Welcome to the first edition of 411 - the parenting and education section running Mondays in the Nevada Appeal. Inside, you will find a list of contacts for agencies in the area, as well as a calendar and news briefs. The Whatever page, featuring Top Kids, is running again, on the back page of 411.
Hope you enjoy it. Please write and let us know of any suggestions.
In other news, St. Teresa of Avila is back at it, with its 26th "Run with the Son" -athon Friday. While I thought the "Son" was a typo for "Sun," connoisseurs of this event will know which one is correct.
The fund-raiser helps pay operating costs at the Catholic school. Baked goods, candy, juice and T-shirts will be for sale at the event from 8:30 a.m.-12:30 p.m. Friday.
"The students go through the community and get sponsors for the amount of laps they complete or just a flat donation," said coordinator Mike Lewis. "All the students will be wearing T-shirts that list sponsors that placed their name on the shirts for a donation."
For more information, call St. Teresa at 882-1968.
As a side note, I must say that one benefit of staying with the faith is you avoid calling up a Catholic school and asking exactly what "Son" they're speaking of.
For April's Kick Butts Day, students from Carson and Douglas high schools were in full throttle, putting up signs at Mills Park alerting passers-by that in the United States one person dies from a smoking-related disease every 72 seconds or by letting legislators see the difference between healthy lungs and tobacco-ridden lungs.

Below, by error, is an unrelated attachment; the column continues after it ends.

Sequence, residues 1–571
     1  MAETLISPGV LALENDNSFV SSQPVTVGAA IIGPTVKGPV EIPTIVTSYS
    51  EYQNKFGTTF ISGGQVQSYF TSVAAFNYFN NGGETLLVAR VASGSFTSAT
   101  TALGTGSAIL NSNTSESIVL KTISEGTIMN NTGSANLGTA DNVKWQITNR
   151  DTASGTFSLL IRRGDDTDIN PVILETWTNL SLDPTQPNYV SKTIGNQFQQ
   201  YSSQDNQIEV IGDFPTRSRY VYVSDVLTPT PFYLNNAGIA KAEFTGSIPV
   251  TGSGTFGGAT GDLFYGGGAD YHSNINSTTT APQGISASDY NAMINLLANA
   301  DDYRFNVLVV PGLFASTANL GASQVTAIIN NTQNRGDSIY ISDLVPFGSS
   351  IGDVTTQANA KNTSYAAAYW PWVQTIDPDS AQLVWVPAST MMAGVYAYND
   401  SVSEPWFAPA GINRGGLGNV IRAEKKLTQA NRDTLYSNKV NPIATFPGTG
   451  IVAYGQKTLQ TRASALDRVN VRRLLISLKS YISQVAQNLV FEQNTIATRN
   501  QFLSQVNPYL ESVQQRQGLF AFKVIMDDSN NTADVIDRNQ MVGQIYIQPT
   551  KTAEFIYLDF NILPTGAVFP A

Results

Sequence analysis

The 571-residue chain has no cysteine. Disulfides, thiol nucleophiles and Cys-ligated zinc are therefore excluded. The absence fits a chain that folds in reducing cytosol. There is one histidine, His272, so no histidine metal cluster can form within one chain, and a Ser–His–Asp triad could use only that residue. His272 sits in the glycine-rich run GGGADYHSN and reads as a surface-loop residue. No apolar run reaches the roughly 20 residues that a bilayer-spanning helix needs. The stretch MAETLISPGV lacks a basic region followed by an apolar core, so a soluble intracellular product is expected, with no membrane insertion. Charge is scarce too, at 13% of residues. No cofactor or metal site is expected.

Across the nation, states are beginning to change smoking laws. On Oct. 1, Montana will become the eighth state to be smoke-free, meaning smoking will be banned in offices, restaurants and offices. Montana's bars have another four years to comply. Ironically, Montana was the backdrop for many of the Marlboro Man cigarette ads.
Other states that have passed smoke-free legislation are California, Delaware, New York, Connecticut, Maine, Massachusetts and Rhode Island. For more information on legislation, go to www.smoke-free.net.
I'd be interested in including in this column your personal experiences about smoking - either why you started or how you stopped, so we can provide perspective to young people.
My own story went a little against the getting-hooked-as-a-teen statistic. I first picked up a cigarette, which became a habit, at age 21. I was in Prague, Czech Republic, and under the influence of a Marlboro Man I met there - a young Australian who said things like "bloody" and rolled his own cigarettes.
Anyway, I believe that the things that we put into our bodies dictate what we get out of them. On this beat, I've met way too many people with cancer, emphysema and tracheotomies to believe there's anything to gain.
Enough for now. Write or call and tell me what's happening in your world.
n Maggie O'Neill can be reached at firstname.lastname@example.org or 782-5121, ext. 214.